8. Explain why it is crucial for the local church to have a gatekeeper (3) who only opens the door to sound doctrine and the true Jesus of Scripture, and who chases off the thieves, robbers, and strangers (1,5) who sneak in (1)? Compare your answer to Titus 1:9-16.

9. In lesson 5 (link above) we touched on the idea of whether or not a false teacher (someone who consistently and unrepentantly teaches demonstrably false doctrine, not a doctrinally sound teacher who occasionally makes a mistake) could actually be a genuinely regenerated Christian. Notice the way this passage describes false teachers, their goals, and their effects. What inferences can you reasonably draw about a false teacher’s salvation?


  • I have heard this scenario from Christian women numerous times and experienced it myself, personally: “I went to a women’s Bible study where they were using a book by __. I sat there and listened, and I just knew something was wrong. I didn’t know my Bible well enough at that time to be able to put my finger on it, but I got out of there, started studying my Bible and researching this teacher, and now I know she’s a false teacher.” Have you ever had an experience like that? How does the concept of sheep listening only to the Shepherd and not to strangers apply to this scenario?

Suggested Memory Verse

Discernment, Mailbag

The Mailbag: Should I attend the “Bible” study to correct false doctrine?

Originally published August 21, 2017

I’ve been invited to join a ladies’ Bible study class that’s using a book by a well-known author and speaker. The woman who wrote the book is a false teacher. Should I accept the invitation and join the class in hopes of correcting the false doctrine that will be taught?

To join or not to join. I’ve been in the same situation myself, and I know many of my readers have as well. It can be a difficult decision to make. The Bible does say to avoid false teachers, but it also says they should be rebuked, and that older women are to “teach what is good, and so train the young women…that the word of God may not be reviled.”

My counsel to those who have expressed concern to me over studies by Beth Moore, Priscilla Shirer, Lysa TerKeurst, etc. taking place in their churches is to pray that God would give them wisdom as to whether they should attend the study and biblically refute all the false doctrine that comes up (the rebuking/training perspective) or whether they should decline to attend the study (the avoiding perspective), giving anyone who asks a biblical explanation as to why you won’t be participating (also, kind of rebuking/training). There are a lot of things to take into consideration as you begin working through Scripture and prayer to reach a decision.

First, where is your pastor in all of this? Why is he allowing a study to take place that uses materials authored by a false teacher? Maybe he is familiar with the author’s materials and approves of them (in which case you have a bigger issue than whether or not to attend this particular class). But maybe he’s a discerning-leaning guy who’s just not aware that this author teaches false doctrine.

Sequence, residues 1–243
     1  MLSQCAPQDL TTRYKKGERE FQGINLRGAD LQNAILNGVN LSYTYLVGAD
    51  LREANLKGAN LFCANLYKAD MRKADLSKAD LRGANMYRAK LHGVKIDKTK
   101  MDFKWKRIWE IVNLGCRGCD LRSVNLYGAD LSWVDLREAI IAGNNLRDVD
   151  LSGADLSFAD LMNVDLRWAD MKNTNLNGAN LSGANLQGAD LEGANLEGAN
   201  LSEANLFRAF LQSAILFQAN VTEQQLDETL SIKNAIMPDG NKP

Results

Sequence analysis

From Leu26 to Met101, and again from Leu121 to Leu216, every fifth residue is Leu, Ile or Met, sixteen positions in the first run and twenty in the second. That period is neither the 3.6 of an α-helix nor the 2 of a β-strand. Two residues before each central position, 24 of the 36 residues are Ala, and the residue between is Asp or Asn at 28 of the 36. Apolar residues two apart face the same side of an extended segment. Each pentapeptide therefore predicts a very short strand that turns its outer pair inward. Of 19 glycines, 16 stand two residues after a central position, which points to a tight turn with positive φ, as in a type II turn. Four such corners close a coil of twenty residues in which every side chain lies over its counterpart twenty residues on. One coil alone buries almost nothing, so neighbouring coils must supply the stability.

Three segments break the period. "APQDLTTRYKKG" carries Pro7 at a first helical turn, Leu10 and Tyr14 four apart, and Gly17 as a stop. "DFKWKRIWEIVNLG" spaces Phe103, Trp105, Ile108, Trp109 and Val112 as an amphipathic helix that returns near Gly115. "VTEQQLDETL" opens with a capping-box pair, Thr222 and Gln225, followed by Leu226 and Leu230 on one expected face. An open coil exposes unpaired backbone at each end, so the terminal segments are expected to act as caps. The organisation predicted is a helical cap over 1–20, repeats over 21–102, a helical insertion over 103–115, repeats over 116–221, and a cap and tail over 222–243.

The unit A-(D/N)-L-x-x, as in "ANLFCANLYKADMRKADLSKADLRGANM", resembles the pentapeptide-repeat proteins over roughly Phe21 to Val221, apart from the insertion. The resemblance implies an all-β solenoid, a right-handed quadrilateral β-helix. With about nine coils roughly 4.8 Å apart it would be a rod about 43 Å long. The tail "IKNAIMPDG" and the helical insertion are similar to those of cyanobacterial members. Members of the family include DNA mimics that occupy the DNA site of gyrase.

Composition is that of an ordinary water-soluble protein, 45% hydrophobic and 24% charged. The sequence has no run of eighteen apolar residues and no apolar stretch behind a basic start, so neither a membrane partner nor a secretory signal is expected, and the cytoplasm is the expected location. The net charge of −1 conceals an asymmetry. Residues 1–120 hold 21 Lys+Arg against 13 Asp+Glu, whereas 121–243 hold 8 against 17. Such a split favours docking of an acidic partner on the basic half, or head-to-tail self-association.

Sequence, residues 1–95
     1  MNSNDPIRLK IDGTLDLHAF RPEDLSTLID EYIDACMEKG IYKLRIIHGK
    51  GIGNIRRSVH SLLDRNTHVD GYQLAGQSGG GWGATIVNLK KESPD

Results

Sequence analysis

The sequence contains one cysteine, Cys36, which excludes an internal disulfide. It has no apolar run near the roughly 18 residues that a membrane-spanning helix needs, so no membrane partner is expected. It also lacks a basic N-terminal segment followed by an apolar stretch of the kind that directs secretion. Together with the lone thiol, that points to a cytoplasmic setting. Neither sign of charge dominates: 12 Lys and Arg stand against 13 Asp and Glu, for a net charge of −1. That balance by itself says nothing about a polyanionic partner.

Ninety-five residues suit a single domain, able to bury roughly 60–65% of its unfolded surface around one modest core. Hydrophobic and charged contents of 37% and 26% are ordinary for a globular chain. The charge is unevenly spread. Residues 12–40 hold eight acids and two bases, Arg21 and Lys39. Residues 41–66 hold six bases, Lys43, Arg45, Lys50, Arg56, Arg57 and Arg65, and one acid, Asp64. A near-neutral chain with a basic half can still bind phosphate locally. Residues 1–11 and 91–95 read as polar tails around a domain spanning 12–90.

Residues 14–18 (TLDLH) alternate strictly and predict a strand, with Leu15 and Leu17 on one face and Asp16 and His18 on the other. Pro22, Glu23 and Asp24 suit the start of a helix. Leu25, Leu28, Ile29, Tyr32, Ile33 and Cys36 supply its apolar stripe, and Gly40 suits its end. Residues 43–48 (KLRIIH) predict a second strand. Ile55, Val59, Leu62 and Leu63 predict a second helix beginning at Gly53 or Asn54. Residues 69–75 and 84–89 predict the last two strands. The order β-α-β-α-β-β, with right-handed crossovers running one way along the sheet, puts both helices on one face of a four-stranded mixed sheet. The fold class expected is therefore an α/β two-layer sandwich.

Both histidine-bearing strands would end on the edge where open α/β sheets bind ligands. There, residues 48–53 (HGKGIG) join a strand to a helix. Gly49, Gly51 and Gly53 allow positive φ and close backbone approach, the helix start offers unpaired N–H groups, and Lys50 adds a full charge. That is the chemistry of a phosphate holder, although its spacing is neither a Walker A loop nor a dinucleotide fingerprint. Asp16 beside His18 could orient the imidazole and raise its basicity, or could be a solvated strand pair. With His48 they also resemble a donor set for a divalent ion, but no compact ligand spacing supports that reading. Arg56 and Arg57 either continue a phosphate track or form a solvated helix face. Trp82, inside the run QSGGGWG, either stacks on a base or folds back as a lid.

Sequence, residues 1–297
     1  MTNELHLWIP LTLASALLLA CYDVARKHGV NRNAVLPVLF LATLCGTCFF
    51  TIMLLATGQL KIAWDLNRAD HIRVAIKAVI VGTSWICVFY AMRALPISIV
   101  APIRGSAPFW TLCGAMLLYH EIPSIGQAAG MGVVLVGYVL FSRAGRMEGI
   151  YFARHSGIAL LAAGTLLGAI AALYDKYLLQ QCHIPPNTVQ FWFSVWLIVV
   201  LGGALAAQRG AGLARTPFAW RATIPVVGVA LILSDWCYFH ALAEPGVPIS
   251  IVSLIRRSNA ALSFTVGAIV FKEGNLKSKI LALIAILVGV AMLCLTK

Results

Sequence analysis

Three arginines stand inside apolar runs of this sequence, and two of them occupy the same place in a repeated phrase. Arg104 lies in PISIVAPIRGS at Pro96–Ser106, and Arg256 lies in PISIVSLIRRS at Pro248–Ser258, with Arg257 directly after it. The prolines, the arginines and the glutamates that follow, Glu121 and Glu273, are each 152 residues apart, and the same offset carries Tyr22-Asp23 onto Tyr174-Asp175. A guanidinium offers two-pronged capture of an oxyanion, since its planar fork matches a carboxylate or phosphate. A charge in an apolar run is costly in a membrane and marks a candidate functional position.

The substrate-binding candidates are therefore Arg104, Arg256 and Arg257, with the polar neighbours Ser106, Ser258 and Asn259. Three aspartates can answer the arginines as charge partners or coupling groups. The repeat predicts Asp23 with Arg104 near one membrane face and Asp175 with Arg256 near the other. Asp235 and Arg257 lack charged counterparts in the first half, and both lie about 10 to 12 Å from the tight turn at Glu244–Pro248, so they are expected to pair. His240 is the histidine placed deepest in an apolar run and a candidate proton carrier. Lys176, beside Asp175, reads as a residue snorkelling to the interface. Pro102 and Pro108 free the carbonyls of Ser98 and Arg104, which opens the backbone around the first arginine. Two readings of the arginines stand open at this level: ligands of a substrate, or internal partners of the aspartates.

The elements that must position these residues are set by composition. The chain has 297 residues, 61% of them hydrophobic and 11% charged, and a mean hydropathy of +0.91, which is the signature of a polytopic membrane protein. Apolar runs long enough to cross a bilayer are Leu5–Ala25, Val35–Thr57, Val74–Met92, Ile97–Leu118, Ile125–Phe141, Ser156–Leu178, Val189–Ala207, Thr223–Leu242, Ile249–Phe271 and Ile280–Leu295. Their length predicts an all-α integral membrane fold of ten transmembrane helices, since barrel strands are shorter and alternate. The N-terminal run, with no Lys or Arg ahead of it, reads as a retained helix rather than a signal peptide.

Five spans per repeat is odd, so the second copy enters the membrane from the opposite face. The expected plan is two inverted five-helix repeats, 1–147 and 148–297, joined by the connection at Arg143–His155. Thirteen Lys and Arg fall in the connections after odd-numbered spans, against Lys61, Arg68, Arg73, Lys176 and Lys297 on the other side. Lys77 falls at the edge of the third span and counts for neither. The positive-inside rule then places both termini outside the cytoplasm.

Most pastors are extremely busy. They either don’t have the time or don’t know they need to make the time to vet the authors of the studies their church is using (I’m not excusing this state of affairs, I’m just saying- this is the reality we’re dealing with). And many of them simply assume that if the book comes from LifeWay (or another trusted Christian retailer), it must be OK. So, before making a decision about whether or not to attend the class, go to where the buck stops and humbly, patiently, and kindly find out where your pastor is about the issue. He might just pleasantly surprise you and cancel the class or insist that a doctrinally sound study be used instead, and your problem will be solved.

Next, if you’re married, what does your husband have to say about it? There may be a logistical conflict – he prefers you not to be out that late at night alone for safety reasons, your child has to be picked up from soccer at the time the class meets, etc. – that will immediately solve your dilemma, or there may be some other reason he doesn’t want you to attend the class. Since it’s not sinful to decline attending the class, if your husband says no, you need to respect his decision and decline to join. (You also need to discuss with your husband the issue of approaching the pastor about the study. He might prefer to be the one to talk to him, or he might prefer the two of you talk to the pastor together, rather than you approaching the pastor on your own.)

But even if your husband leaves the decision up to you, ask for his counsel and perspective. Simply by virtue of being a man, a person with his own unique thought processes, and someone who knows you well, he can add invaluable insight that can help you reach a wise decision. This was certainly the case for me when I was faced with this situation. I was leaning toward declining to attend the study, but my husband gave me a whole new perspective and encouraged me to get involved in order to be a corrective influence and godly example to the other ladies. And he was right!